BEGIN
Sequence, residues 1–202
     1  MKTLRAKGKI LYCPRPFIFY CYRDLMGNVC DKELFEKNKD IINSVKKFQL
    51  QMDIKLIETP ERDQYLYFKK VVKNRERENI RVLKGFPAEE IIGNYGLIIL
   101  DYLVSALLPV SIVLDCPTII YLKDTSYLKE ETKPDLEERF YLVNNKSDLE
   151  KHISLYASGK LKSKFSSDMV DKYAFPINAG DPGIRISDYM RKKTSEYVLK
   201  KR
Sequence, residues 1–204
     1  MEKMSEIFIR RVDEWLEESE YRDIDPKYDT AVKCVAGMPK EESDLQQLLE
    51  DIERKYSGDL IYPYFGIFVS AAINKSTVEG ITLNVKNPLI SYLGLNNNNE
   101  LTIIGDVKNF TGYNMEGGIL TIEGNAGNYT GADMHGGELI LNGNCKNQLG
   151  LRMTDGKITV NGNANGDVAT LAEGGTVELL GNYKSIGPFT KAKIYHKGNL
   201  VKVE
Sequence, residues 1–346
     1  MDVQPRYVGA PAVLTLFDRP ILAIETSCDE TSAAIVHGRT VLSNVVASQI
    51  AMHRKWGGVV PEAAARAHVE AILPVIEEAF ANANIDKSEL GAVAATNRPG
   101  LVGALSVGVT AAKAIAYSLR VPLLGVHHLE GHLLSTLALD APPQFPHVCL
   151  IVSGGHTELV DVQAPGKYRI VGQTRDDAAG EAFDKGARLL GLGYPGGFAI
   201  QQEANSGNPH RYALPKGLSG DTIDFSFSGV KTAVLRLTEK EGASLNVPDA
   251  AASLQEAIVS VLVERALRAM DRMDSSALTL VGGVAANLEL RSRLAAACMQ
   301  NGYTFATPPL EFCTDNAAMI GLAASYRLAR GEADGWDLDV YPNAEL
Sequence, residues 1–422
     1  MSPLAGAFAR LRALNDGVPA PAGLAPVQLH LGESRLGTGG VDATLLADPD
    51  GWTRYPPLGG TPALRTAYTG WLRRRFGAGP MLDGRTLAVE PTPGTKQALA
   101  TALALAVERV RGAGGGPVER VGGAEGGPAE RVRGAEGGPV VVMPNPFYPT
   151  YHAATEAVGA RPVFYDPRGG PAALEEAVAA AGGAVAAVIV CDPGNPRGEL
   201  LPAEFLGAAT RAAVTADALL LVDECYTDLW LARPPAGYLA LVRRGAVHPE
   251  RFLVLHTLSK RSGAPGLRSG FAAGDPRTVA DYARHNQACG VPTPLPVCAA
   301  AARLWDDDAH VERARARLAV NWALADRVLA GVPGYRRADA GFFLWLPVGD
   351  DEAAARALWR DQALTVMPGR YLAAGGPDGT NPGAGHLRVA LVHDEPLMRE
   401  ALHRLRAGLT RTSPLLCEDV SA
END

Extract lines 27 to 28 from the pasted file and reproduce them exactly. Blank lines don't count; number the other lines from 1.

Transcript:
   251  RFLVLHTLSK RSGAPGLRSG FAAGDPRTVA DYARHNQACG VPTPLPVCAA
   301  AARLWDDDAH VERARARLAV NWALADRVLA GVPGYRRADA GFFLWLPVGD